Office of the Vice President for Global Communications

Tuesday, October 25, 2011

Faculty governance pursuing more input on employee health incentives

The governing body of U-M's faculty is seeking to add its input to the discussion of how the university can create incentives for employees to pursue healthy behaviors.

The Senate Assembly on Monday accepted a report from the Advisory Task Force on Faculty Involvement in Health Plan Incentives and referred it to the Senate Advisory Committee on University Affairs (SACUA) for more specific recommendations on how to implement its goals.

"We're just trying to be part of the discussion," said Senate Assembly Chair Kate Barald, who also chairs SACUA, the executive arm of the faculty governance structure. Barald is a professor of cell and developmental biology, and biomedical engineering.

The task force was created to identify principles to guide the university's use of incentives in the management of health costs, and to develop examples and possible options for the implementation of these incentives.

The administration is considering a proposal that would offer incentives, in the form of lower health care premiums, for employees and their enrolled spouses and Other Qualified Adults to actively manage and improve their health.

In its report, the task force put forth 12 principles and 11 recommendations to further encourage employee wellness.

Among the recommendations was a call for a five-year capital construction plan to replace existing intramural buildings on Central and North campuses, and to augment and add to the recreational space and services for faculty, staff, students and retirees at all of the university's campuses.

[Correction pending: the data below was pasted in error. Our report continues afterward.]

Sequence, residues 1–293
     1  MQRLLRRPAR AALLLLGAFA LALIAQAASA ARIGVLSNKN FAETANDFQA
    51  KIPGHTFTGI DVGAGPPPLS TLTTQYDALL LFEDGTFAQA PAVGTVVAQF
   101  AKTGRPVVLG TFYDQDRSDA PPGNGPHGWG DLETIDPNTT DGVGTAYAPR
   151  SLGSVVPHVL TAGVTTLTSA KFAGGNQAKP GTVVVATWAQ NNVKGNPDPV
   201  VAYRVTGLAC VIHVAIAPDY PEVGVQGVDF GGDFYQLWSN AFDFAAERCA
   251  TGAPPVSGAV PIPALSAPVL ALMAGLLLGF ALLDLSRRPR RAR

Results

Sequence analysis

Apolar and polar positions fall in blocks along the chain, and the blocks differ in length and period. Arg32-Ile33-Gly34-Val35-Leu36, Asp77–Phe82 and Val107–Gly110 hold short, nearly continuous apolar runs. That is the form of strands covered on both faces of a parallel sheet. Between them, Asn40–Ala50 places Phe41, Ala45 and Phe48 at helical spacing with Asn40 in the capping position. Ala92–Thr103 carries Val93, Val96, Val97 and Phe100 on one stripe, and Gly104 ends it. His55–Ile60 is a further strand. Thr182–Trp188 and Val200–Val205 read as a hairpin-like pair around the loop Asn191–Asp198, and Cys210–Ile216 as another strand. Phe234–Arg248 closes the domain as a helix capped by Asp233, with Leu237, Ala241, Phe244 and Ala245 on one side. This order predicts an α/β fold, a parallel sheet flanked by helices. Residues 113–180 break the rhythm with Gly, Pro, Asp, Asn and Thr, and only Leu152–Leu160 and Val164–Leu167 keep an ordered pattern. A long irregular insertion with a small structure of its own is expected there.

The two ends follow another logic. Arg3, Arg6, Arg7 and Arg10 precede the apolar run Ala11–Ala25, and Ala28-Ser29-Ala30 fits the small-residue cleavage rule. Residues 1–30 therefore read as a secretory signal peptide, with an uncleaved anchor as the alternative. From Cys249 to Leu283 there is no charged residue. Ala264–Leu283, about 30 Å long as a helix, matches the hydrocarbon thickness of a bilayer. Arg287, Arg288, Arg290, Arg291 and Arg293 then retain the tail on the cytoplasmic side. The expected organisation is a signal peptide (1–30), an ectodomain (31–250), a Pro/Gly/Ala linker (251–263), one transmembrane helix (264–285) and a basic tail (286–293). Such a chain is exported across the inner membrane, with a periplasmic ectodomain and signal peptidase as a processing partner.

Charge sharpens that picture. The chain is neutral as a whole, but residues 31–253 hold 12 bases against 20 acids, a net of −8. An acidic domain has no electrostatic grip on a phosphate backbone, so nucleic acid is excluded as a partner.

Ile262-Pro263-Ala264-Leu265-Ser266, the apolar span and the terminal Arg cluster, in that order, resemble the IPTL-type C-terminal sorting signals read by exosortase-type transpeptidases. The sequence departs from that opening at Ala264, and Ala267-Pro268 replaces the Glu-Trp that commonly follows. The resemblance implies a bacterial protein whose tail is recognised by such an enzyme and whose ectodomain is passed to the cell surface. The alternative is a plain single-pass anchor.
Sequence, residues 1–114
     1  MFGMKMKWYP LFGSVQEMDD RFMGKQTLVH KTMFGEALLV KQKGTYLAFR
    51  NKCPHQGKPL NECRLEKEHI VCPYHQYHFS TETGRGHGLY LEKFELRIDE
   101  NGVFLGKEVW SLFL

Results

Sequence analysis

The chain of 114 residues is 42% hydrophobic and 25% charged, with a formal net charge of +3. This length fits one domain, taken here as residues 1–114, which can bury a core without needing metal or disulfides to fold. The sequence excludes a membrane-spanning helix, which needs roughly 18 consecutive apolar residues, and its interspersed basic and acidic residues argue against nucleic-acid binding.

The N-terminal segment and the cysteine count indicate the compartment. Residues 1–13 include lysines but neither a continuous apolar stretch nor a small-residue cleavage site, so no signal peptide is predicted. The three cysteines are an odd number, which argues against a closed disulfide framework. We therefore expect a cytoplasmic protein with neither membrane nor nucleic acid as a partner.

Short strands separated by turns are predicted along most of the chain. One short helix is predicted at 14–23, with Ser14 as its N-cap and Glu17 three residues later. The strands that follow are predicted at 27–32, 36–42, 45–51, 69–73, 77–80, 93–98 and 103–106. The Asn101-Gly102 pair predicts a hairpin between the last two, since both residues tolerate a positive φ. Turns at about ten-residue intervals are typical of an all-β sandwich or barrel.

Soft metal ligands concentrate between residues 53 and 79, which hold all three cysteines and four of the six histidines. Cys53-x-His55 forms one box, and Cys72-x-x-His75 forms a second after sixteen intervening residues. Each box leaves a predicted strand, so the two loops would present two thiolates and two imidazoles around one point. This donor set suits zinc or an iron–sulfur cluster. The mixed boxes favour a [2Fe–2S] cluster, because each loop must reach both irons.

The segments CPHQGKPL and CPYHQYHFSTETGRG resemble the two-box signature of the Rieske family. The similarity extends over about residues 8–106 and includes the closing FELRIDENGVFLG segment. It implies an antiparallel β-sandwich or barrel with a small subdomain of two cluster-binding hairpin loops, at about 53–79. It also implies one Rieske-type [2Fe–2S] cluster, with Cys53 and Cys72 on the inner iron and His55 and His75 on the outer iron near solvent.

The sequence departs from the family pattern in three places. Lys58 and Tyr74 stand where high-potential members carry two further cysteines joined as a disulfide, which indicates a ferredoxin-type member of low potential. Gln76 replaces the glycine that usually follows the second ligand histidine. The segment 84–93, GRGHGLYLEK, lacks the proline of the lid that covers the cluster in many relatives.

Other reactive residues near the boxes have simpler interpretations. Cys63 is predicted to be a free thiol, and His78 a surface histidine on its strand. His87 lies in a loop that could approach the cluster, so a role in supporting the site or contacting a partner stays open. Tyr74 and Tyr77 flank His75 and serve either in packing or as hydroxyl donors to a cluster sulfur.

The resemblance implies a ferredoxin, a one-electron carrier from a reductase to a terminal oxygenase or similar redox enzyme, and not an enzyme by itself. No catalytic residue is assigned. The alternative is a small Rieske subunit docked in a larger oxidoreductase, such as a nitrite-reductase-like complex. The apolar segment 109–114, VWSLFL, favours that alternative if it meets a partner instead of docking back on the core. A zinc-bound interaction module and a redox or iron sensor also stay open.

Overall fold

"We're looking for a real partnership by the university administration in terms of an investment," said Dr. Charles Koopman, professor of otolaryngology, and pediatrics and communicable diseases, who chaired the task force.

The task force supported the university's effort to establish a health promotion program, and said the program should incorporate the principles laid out in its report. The task force also recommended that any incentive program be designed to optimize employee participation, and not be tied to individual outcomes or health status.

The university's Member Engagement Health Plan (MEHP) Design Committee has proposed a health plan design that would reward healthy behaviors with lower health care premiums. To earn the incentive, employees would need to participate in annual health questionnaires and ongoing health-improvement activities to minimize certain health risks and manage chronic conditions.

Employees who participate in the questionnaires and health screenings would pay less, and those with health risks who are willing to work on them would get a further premium reduction. Those without any of the targeted health risks automatically would pay the lowest premium after participating in the health questionnaire and a biometric screening for health risks.

The university's executive vice presidents have formed a committee to offer advice and recommendations on implementation of the health plan design. Its report is due in January 2012.

In other action, the Senate Assembly also endorsed a resolution supporting current university policy regarding the provision of benefits to faculty, staff and eligible dependents.

The resolution approved Monday comes as the state Senate considers a pair of bills — already passed by the House — that would prohibit public employers from providing certain health benefits to an unrelated adult or their child living with an employee.

U-M offers benefits to those persons who meet the criteria of Other Qualified Adults. The university's position is that its health care policies comply with state law, and it does not plan to alter them.